Waking Up White


Let's just drop this title in under the "things I could never say" category. Amirite? Confession: I'm not finished with the book. But dammit I couldn't wait to tell you about it.

This week has found me completely frustrated with the privileged white people of social media. It started with the comments I read on a MomsRising Facebook photo and seeped over to the comments I read regarding the Renisha McBride tweet when the AP broke the news of the guilt of her killer and how so many white folks didn't see anything wrong with the original wording.

As an Afro-Latina, there are things said that burn me up inside and make me wonder about the world I'm bringing my child up in. A world where I have to kinda lie to her when she says she's scared of the police because, are they really here to help US?! I have to always measure the words. One cup of reality, 2 cups of self preservation, 3 cups of love, 1/2 cup of raw, painful truth.

When I got the email asking me to review this book, I jumped at it. Then, because of the mayhem currently going on in Casa Sili, it got put on the bookcase. I picked it up knowing it had to be reviewed. Of course, the timing was perfect.

First, I will tell you that I know some pretty awesome white people who use their privilege to bring into focus some of the inequities of this world. I'm proud to call them friends and colleagues. I also know plenty of privileged white folks who show me the thing I fear the most: their blinders.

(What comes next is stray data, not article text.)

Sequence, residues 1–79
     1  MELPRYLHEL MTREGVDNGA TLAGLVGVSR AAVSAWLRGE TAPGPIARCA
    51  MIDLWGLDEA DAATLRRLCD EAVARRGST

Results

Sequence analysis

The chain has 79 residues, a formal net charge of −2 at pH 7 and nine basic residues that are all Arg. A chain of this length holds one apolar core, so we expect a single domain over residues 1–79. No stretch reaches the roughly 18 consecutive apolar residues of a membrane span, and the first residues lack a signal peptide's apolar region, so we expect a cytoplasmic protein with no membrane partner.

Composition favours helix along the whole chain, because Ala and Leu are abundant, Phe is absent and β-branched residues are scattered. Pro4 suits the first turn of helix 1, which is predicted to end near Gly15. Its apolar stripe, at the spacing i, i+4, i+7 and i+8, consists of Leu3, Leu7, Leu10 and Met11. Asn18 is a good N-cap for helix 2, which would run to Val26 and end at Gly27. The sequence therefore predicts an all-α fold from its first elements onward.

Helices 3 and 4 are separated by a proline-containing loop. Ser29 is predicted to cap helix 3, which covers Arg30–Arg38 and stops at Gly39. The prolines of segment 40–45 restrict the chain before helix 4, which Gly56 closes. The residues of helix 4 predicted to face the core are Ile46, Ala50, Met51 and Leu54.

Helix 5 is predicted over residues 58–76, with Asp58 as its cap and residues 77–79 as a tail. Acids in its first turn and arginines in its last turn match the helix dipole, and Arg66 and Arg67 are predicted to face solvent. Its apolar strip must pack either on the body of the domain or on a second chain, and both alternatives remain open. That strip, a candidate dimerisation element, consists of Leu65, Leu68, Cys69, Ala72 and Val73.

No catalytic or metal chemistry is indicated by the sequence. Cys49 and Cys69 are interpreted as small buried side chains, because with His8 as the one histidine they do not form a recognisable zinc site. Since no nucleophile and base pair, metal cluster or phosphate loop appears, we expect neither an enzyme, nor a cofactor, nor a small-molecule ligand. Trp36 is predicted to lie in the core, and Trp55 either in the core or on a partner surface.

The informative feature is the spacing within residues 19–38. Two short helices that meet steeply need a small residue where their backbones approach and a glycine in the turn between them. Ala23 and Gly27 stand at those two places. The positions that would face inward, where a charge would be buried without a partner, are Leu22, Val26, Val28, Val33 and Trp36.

MyMamihood.WakingUpWhiteWaking Up White delves into Debby Irving's privileged life as a white woman coming from an established New England family and finding things she never knew, questions she didn't know to ask and truths that are hard to bear.

I can appreciate her story because it leads to her understanding of the blinders. How history is taught and the narrative it serves (white people). I have probably underline more in this book than I have my bible (okay, maybe not so much but this is definitely second). Things like:

"Racism was't about this person or that, this upset or that, this community or that; racism is, and always has been, the way America has sorted and ranked its people in a bitterly divisive, humanity-robbing system."


"Prior to the Wheelock course, my attempts to make sense of racism has been akin to trying to understand a game just by watching its players." "Advantage in the game can take several forms: male trumps female, straight trumps LGBT, able-bodied trumps disabled, Western religions trump Eastern religions, higher class trumps lower class and so on. But nowhere, as far as I can see, is any advantage as hard-hitting and enduring as skin color."

Y'all, she gets in it. These last two quotes come after her eyes are opened to the systematic "affirmative action" that was the GI bill and how much that affected people of color to today! As I was reading that chapter, I was reminded of my girl's grandfather recently telling of how, after Vietnam, he had applied to a university in Georgia and how they requested a picture of him. After receipt of said picture, he was placed on the "wait list" which he knew meant that as a black man, he wouldn't be accepted.

Meanwhile, Debby's father went all the way through to law school on the government's dime. While Papa went on to do great things, it puts in perspective the obvious disadvantage that he and plenty of other men of color were faced with. It also showcased how  this lack of knowledge affects the way that white people see things like the GI bill. The narrative is different. The idea that everyone has a chance in this country if you only work hard for it takes on a sick twist.